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'Lightning' strikes action-packed fun
Uma Thurman, left, and Logan Lerman in “Percy Jackson & the Olympians: The Lightning Thief.”
‘Percy Jackson & the Olympians: The Lightning Thief’
Starring: Logan Lerman, Brandon T. Jackson, Alexandra Daddario, Jake Abel, Sean Bean, Pierce Brosnan, Rosario Dawson, Catherine Keener
Rated: PG for action violence and peril, some scary images and suggestive material, and mild language
Running time: 119 minutes
Bottom line: Unoriginal but solid preteen fun

Stop me when you’ve heard this one.

A boy leads a mundane existence throughout childhood, then during his early teens he learns a secret about his parents and discovers he possesses supernatural abilities. So the lad is whisked off to a hidden world where he will be educated and trained along with scores of other kids with similar powers, all the while fighting a mysterious villain.

No, this isn’t a synopsis of “Harry Potter and the Sorcerer’s Stone.” It’s the scenario for “Percy Jackson & the Olympians: The Lightning Thief.” Based on Rick Riordan’s young adult novel, this movie is what you get when you combine Harry Potter with “Clash of the Titans.”

The biggest difference between the two teenage heroes is that in “Percy Jackson & the Olympians,” the supernatural powers come from Greek mythology rather than magic.

The biggest surprise is how enjoyable the movie is, despite being so derivative.

The movie begins with Poseidon (Kevin McKidd) strolling out of the East River and onto a pier in Manhattan, in giant form. He morphs into human scale, then proceeds to the top of the Empire State Building, where he has a heated argument with Zeus (Sean Bean).

And immediately, this knock-off of better young-adult fiction begins to defy the odds and win us over. It’s just plain fun to watch Zeus and Poseidon having a tete-a-tete atop Manhattan’s signature landmark rather than on Mount Olympus.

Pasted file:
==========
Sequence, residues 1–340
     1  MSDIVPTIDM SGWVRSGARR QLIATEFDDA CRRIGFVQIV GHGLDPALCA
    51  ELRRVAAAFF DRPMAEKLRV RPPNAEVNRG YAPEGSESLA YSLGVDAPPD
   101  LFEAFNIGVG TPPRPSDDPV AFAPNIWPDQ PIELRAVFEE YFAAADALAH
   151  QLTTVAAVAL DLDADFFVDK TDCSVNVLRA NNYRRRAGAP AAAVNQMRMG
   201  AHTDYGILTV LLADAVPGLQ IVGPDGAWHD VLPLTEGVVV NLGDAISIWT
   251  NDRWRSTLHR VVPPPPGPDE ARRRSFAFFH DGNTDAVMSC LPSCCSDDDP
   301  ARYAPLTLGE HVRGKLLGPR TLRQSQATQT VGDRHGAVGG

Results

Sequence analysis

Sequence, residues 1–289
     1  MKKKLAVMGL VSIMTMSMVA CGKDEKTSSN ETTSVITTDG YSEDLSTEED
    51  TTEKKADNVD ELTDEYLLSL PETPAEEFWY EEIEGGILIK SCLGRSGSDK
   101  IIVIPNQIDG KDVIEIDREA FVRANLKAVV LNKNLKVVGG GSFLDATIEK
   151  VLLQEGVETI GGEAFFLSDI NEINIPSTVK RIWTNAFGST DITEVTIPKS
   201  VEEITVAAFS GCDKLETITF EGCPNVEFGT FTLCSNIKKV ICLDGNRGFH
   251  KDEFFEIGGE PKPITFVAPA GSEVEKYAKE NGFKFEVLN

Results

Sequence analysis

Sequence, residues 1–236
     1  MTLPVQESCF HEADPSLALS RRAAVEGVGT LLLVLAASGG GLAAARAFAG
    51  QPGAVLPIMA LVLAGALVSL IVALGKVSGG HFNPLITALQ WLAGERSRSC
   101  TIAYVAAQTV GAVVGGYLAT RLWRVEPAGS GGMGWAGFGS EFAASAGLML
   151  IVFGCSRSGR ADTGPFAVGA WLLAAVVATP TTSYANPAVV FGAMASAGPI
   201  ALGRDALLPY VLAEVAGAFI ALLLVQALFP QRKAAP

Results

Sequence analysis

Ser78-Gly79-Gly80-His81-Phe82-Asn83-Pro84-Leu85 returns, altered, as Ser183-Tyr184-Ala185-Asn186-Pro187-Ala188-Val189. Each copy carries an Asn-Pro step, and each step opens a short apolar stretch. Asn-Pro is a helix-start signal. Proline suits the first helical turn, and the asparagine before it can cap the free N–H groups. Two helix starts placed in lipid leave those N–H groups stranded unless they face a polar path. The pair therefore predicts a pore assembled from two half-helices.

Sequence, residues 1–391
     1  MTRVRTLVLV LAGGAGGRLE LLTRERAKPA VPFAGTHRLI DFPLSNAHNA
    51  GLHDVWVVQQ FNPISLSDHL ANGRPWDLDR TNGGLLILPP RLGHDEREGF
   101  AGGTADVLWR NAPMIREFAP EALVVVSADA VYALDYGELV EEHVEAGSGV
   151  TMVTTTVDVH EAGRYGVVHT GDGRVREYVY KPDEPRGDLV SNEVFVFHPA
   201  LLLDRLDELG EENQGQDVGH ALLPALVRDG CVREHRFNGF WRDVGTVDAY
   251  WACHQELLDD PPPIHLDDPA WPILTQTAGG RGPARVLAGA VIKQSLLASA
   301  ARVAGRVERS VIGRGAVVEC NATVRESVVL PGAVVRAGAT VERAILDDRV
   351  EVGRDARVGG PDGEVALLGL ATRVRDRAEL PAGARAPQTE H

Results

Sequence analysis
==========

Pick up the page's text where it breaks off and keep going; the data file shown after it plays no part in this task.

Zeus informs Poseidon that someone has stolen his lightning bolt, and many of the gods suspect Poseidon’s half-human son is the thief.

Meanwhile in the human world, misfit teenager Percy Jackson (Logan Lerman) hates school and fights with the guy (Joe Pantoliano) his mom (Catherine Keener) lives with. Add to that a father who abandoned Percy and his mom when he was just a baby, and Percy is one thoroughly angst-ridden teen.

What sets Percy apart from all the other brooding teens is some strange abilities. He can hold his breath under water for seven minutes. He struggles with dyslexia — when reading English. He soon discovers he understands Greek, even though he has never studied it.

When Percy and his best friend Grover (Brandon T. Jackson) go on a class trip to the Metropolitan Museum of Art, secrets begin to be revealed. Grover and Mr. Brunner (Pierce Brosnan) save Percy when a substitute teacher turns into a fury and tries to kill him.
Mr. Brunner orders Grover — who is a satyr in disguise and Percy’s designated protector — and Percy’s mother to rush Percy to a remote woodland camp for demigods.

As you’ve guessed, Percy is the demigod son of Poseidon. It turns out there are many demigod kids, many of whom live and study at Hogwarts — I mean, in the demigod camp.

The only things missing from the demigod camp are Hagrid, wands and quirky teachers. Except there is one quirky teacher. Mr. Brunner is actually a centaur, so we get to watch Brosnan walk around with a horse’s back end.

“Percy Jackson” even shares a director with Harry Potter, Chris Columbus, who helmed the first two Potter installments.

After we reach the demigod camp, the story begins to race along and becomes a nice mix of action scenes and references to Greek mythology. Percy, Grover and their demigod friend Annabeth (Alexandra Daddario) encounter Medusa (Uma Thurman), Hades (Steve Coogan), Persephone (Rosario Dawson) and other mythological beings.

The action sequences and copious scary images make this PG movie appropriate for pre-teens and older, even though the scenes with Rosario Dawson playing seductive in a bustier alone make it borderline PG-13.

“The Lightning Thief” will almost certainly become a franchise, regardless of its shameless pilfering. It boasts an incredibly strong cast and flashes along with an earnest spirit and a playful use of Greek mythology. It may be second-rate, but it’s all in good fun.

Jeff Marker is a media studies professor at Gainesville State College.